1. “Ask and it will be given to you; seek and you will find; knock and the door will be opened to you.” I looked up this well-known verse from Matthew 7:7, because I knew there were other parts to the quotation. I like the three-fold symmetry. We need to do something: ask – seek – knock, and then we need to not do something, but be receptive: it will be given, you will find, the door will be opened. We’re all about the effortful part – if only I ask often enough or seek everywhere, or knock loud enough! The most challenging part is, once we’ve spoken our heart’s desire with clarity, we need to wait in the silence and in the obscure dark with an open heart. The Universe hears. The God of Love only wants us to dissolve in the embrace of that love. The answer will come, but not likely as we pictured it. Rather, in an infinitely unique and wondrous way.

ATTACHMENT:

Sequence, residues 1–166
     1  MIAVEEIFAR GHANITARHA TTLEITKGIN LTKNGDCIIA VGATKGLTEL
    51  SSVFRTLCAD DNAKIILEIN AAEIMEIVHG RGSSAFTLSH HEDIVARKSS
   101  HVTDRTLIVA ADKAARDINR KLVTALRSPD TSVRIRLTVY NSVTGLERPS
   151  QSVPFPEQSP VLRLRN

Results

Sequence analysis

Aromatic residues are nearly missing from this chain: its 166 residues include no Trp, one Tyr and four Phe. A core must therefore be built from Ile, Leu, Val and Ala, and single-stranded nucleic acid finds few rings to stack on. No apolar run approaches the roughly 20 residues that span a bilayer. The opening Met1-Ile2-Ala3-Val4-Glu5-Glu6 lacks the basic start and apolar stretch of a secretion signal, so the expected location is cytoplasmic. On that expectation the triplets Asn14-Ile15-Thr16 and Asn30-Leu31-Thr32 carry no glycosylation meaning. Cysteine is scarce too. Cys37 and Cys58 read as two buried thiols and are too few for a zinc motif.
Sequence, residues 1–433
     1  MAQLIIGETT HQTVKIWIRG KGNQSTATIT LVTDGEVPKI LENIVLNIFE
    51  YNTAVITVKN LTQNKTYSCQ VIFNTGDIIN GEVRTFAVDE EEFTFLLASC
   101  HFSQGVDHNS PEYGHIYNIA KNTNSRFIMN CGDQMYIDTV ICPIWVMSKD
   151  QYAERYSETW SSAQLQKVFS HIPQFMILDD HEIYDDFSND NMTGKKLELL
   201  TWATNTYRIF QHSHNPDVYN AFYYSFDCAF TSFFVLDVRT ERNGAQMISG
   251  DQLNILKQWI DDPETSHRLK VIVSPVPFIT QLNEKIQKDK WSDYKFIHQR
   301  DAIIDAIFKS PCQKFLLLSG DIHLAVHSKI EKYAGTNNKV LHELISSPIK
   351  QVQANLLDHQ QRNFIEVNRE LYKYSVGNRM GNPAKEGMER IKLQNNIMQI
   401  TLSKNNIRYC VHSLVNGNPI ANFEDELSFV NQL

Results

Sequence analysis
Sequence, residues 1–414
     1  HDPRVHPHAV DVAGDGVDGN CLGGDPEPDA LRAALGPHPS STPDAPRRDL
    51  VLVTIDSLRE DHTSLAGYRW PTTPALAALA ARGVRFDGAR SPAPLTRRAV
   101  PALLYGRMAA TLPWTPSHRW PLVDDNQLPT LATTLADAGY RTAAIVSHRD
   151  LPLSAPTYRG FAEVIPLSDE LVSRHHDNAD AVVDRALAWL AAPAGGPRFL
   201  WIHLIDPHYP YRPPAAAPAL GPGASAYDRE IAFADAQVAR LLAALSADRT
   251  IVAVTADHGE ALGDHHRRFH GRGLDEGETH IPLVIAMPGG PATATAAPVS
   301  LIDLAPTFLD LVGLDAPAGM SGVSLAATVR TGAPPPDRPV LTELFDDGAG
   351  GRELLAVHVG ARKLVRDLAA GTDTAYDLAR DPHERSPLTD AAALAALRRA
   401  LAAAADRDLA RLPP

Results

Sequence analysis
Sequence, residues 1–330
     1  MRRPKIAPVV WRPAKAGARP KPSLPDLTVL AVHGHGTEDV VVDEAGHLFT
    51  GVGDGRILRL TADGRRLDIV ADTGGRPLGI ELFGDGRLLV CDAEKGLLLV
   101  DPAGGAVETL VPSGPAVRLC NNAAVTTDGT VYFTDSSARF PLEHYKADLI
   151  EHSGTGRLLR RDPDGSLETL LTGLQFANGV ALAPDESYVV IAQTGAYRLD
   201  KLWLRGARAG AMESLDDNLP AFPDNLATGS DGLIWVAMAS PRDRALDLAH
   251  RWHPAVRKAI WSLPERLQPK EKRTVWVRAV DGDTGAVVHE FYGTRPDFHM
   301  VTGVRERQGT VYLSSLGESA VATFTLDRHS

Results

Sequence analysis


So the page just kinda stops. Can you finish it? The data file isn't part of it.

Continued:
Ishvara pranidhana.

    Liked by 2 people

    1. Who knew the bible contained such wisdom? 😉
      Thank you so much for this thoughtful and beautiful comment, k8. You’ve summed up my recent experiences so well with your words. I thought the waiting in the obscure dark was the hard part (once I found a way to make less strenuous efforts), but now I find that actually hearing an answer is infinitely more challenging. The dissolving part feels most unnatural! Ishvara pranidhana needs much more practice.

      Liked by 1 person